Staff at magistrates’ courts in Dorset, Hampshire and the Isle of Wight are being reminded to comply with guidance on giving information to the media after the issue was raised by the Press Association.
Reporters have complained that staff at magistrates courts in all three areas often refused to answer inquiries by telephone, insisting instead that requests had to be faxed to their offices, and saying that it could take up to 24 hours to respond to an enquiry.
Court staff also frequently refused to give information such as a defendants’ address, claiming that they were prohibited from doing so by the Data Protection Act.
A spokesman for H M Courts Service said the area directors for the three counties had now been asked to revise their practices to bring them into line with guidance to staff on dealing with media inquiries.
“H M Courts Service recognises the important role that the media plays in the government’s communication with the public and in the justice system,” he said.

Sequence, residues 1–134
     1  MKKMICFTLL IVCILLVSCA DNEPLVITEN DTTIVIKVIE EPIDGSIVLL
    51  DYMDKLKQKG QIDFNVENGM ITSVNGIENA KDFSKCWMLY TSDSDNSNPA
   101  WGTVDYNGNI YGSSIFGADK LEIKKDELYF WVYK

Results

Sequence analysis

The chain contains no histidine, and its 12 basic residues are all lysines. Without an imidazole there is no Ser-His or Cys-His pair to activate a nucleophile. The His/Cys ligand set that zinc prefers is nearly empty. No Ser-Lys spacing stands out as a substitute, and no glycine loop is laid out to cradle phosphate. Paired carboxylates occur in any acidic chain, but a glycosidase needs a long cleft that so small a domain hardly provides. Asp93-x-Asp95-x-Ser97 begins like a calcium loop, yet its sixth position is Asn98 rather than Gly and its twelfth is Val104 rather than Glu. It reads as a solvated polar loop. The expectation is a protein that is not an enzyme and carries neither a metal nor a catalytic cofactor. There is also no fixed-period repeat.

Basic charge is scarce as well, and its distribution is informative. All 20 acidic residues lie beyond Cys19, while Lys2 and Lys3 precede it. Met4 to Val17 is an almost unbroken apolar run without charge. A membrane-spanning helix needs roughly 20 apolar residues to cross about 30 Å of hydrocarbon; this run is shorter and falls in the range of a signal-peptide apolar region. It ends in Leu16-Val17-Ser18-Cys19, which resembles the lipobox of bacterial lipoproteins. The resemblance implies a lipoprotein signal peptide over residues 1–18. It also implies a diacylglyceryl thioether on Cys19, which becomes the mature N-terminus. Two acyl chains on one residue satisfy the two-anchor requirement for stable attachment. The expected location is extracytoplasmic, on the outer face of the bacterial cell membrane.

“Media guidance is issued to court staff dealing regularly with the press. The H M Courts Service press office also advises court staff on media inquiries they receive about particular hearings and deals directly with the media on wider questions in order to maintain and develop a constructive relationship between courts and the media.”
The guidance on dealing with the media contains clear details of which information may and may not be given out, and says that court staff should do their best to reply to inquiries as quickly as possible.
It also says that staff should not use the Data Protection Act as a “blanket excuse for withholding information”, and generally should not insist that queries should be submitted in writing.